When done the Anacostia Riverwalk Trail in DC and the Anacostia Tributary Trails in Maryland will connect to one another to create a 60 mile trail network, arguably the region's most extensive. Last week a new section was formally opened to much fanfare and it was announced that work that would close the gap between the two systems would begin in 2012. In addition work continues on four other sections in the District, with the next ribbon cutting two weeks away.
The section that was celebrated last week was a 1.5 mile section from Bladensburg Park to a dead-end just north of US-50.
The trail consists mostly of a winding section along the river, much of which was finished three years ago as part of the Wilson Bridge Project, as well as a new connection to Kenilworth Avenue via Lloyd Street. Despite its limited utility, the ceremony attracted a lengthy list of prominent officials including cabinet secretaries, a governor and a senator. This list isn't even complete as there were several state legislators and county and local officials there as well. I even saw Tommy Wells there. The ceremony was about more than just the trail - or even the future promise of the completed trail- though. It was also about the restoration of the river and access to the state's $9.2 million 50-acre Anacostia Wetland Mitigation Project - paid for, at least in part, by the Wilson Bridge Project. [If you ride the trail, you'll see this on the southern end between the trail and the river. Go off trail,and on foot, and climb the hill it created for a pretty good view of the area. The view won't last once trees grow in.]
the restoration of the Anacostia River Watershed and the development of the Anacostia Riverwalk Trail has twice been identified as a priority project for the Obama administration under the President’s America’s Great Outdoors (AGO) initiative and the Urban Waters Federal Partnership (UWFP). Both initiatives seek to reconnect Americans to the great outdoors and revitalize urban waterways in underserved communities across the country.
It was also an opportunity for Democrats and the Obama administration to contrast themselves, and their support for these kinds of projects, against Republicans who want to cut funding for infrastructure and biking in particular.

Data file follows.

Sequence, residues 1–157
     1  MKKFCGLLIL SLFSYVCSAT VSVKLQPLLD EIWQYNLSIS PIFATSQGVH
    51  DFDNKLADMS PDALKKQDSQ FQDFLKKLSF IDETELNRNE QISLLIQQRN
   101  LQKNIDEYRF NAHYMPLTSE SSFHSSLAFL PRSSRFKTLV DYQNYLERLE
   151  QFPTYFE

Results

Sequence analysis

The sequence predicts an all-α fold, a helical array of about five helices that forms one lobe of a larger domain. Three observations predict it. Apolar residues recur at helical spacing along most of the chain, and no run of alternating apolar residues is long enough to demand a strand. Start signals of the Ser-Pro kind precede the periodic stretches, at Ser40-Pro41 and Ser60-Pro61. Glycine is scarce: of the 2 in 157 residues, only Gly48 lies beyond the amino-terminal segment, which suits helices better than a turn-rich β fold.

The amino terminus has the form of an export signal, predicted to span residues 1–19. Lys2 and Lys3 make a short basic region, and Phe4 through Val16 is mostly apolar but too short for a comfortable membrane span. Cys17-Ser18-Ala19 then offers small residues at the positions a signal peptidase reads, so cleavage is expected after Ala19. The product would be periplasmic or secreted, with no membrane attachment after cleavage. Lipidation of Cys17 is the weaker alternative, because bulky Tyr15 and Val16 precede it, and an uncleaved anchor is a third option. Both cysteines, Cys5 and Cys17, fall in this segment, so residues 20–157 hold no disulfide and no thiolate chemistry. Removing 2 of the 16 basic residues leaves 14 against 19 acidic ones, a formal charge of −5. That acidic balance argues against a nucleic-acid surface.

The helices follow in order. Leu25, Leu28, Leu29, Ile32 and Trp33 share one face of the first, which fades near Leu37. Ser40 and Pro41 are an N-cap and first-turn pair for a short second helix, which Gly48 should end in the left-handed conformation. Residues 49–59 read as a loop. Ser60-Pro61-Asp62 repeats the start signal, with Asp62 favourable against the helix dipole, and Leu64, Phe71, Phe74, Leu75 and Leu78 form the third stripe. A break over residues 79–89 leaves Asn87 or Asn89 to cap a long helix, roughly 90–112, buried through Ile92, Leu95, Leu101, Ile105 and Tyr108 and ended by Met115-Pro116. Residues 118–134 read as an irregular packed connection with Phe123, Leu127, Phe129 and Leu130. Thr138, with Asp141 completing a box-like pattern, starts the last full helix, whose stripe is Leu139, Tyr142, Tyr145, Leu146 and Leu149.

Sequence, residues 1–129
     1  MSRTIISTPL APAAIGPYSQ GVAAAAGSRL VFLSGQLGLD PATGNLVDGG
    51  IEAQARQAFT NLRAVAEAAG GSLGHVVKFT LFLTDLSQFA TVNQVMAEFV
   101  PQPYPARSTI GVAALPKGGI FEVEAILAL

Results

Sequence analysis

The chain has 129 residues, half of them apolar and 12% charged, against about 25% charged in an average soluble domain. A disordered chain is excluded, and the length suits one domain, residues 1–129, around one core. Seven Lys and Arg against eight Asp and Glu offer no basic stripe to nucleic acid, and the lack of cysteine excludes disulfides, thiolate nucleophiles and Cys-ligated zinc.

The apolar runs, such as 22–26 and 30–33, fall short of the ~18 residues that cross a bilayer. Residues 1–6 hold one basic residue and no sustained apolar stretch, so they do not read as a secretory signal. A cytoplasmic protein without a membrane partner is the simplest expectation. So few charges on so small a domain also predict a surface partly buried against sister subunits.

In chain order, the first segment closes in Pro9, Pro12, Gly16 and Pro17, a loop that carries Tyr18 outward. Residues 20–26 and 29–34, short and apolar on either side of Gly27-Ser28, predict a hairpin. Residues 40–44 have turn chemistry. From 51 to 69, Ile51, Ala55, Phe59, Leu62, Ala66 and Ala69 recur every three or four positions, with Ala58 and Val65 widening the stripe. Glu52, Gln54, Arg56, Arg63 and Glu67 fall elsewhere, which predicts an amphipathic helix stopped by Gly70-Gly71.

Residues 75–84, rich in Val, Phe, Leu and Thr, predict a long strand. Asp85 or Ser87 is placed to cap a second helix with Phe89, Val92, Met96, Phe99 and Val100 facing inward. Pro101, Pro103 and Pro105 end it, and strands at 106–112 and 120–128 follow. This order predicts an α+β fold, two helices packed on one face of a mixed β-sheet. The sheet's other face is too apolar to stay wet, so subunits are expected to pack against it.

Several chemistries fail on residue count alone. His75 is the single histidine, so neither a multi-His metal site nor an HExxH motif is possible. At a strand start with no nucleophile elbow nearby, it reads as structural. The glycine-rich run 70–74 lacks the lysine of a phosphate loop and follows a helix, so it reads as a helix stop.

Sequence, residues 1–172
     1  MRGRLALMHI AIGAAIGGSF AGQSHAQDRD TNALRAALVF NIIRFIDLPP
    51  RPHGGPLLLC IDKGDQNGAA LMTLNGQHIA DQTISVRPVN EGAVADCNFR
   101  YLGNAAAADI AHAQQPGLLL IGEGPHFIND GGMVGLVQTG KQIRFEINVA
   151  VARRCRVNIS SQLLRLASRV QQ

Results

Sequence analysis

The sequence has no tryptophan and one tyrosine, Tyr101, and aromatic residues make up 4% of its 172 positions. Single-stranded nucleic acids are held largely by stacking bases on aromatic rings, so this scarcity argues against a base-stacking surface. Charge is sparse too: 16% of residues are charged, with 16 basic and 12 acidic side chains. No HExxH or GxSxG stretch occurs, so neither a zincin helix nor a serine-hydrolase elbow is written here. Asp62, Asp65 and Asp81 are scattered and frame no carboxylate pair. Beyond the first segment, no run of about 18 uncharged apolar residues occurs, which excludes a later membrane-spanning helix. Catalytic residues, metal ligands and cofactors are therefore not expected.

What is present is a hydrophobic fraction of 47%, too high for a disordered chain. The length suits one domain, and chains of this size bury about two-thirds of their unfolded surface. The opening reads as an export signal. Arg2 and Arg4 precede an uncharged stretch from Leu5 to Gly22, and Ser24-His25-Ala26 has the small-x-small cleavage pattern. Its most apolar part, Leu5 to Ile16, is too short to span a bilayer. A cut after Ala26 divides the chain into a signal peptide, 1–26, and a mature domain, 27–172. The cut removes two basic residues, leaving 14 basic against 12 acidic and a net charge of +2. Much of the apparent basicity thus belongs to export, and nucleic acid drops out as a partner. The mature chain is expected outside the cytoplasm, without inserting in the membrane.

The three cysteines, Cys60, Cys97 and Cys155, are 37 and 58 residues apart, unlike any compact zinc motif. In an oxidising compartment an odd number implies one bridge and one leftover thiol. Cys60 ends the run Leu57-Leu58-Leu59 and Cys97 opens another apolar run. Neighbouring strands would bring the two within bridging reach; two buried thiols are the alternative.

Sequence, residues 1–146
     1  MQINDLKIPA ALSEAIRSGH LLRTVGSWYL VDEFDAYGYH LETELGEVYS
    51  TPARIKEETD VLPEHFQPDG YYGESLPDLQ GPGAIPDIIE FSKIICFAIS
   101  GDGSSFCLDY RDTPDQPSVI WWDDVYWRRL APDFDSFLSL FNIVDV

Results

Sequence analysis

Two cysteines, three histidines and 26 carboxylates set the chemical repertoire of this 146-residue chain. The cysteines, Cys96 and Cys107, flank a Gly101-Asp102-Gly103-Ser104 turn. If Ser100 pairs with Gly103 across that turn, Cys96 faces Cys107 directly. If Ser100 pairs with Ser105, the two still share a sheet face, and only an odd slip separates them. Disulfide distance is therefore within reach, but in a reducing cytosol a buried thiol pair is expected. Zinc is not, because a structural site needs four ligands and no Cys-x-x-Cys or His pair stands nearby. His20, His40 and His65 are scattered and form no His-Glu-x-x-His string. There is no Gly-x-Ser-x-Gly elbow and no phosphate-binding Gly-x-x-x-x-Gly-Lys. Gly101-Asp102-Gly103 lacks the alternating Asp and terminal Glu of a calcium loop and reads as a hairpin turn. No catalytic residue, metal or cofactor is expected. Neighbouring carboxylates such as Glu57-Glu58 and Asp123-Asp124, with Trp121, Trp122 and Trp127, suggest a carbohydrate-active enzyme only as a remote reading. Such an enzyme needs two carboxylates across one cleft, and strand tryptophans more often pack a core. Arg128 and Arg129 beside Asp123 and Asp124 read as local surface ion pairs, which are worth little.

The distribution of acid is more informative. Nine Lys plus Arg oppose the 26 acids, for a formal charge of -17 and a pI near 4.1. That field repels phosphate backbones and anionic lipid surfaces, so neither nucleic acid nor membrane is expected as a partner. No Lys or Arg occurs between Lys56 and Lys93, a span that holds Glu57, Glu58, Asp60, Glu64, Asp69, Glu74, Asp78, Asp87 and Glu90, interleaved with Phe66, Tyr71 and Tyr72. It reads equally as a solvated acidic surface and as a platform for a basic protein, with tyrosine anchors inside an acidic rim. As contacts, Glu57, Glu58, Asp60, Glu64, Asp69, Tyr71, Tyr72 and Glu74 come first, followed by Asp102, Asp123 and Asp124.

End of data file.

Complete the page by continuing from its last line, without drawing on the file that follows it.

"The Anacostia River Trail is a great example of the lasting benefits transportation projects can bring to a community by connecting people to jobs and schools, encouraging economic development, and protecting the environment," said Secretary LaHood. "The Obama Administration is committed to working with our community partners to build great projects like this that provide people with affordable and green transportation options."
“Connecting people and communities is what the Anacostia River Trail, like the Anacostia River itself, is all about,” said Senator Cardin, Chairman of the Senate Water and Wildlife Subcommittee. “I’m proud to support federal investments that bring together the people of Maryland and the District of Columbia with each other, local economic opportunities and America’s Great Outdoors. Federal dollars are tight right now, so it is important that we invest in the right places, like here on the Anacostia River, to help make our local communities more livable and more economically viable.”
“It’s truly exciting to see the penultimate segment completed in one of the Nation’s largest trail networks,” said DOT Deputy Secretary John D. Porcari. “Let’s redouble our efforts to complete the last link in the District of Columbia and maximize the benefits of this magnificent system for bikers, walker and commuters throughout the region.”
Gov. O'Malley announced that the trail would be expanded south into DC starting late next year, and that Maryland will commit $1million towards that goal.
"The new section we’re opening today is a great start, but together with our partners in the District and in federal government, we are committed to completing the entire trail. We look forward to breaking ground in 2012.”
Once complete, the Anacostia Riverwalk Trail Network will offer nearly 60 miles of contiguous trails – including 39 miles in Maryland and 20 miles in the District of Columbia.
Project design on the new section will be complete this summer, but that isn't all.
With more than $25 million invested, 12 of 20 miles are complete, including segments linking Diamond Teague Park, the Pumphouse, the Yards, Navy Yard, RFK Stadium, River Terrace and Anacostia Park. The rest are in planning, design or under construction in coordination with the National Park Service (NPS), U.S. DOT and other agencies.
There are five other sections currently under construction, including the Maine Avenue section, the two Fiber Reinforced Polymer (FRP) Bridges, the 11th Street Bridge and the bridge between Yards Park and Diamond Teague Park, which opens in two weeks.
The official dedication of the new pedestrian bridge connecting the Yards Park and Diamond Teague Park will be held on Tuesday, Nov. 22, at 1:30 pm. The mayor is expected to be there, along with George Hawkins of DC Water (since the bridge runs right past the main pumping station) and I'm sure a slew of other dignitaries.
Maine Avenue was supposed to be completed in October, so we can assume that is close. The two FRP bridges should be open by spring 2012, and the 11th Street Bridge is targeted for July 2013. That will leave 6 more sections to complete, including the one that connects to the trail opened last week.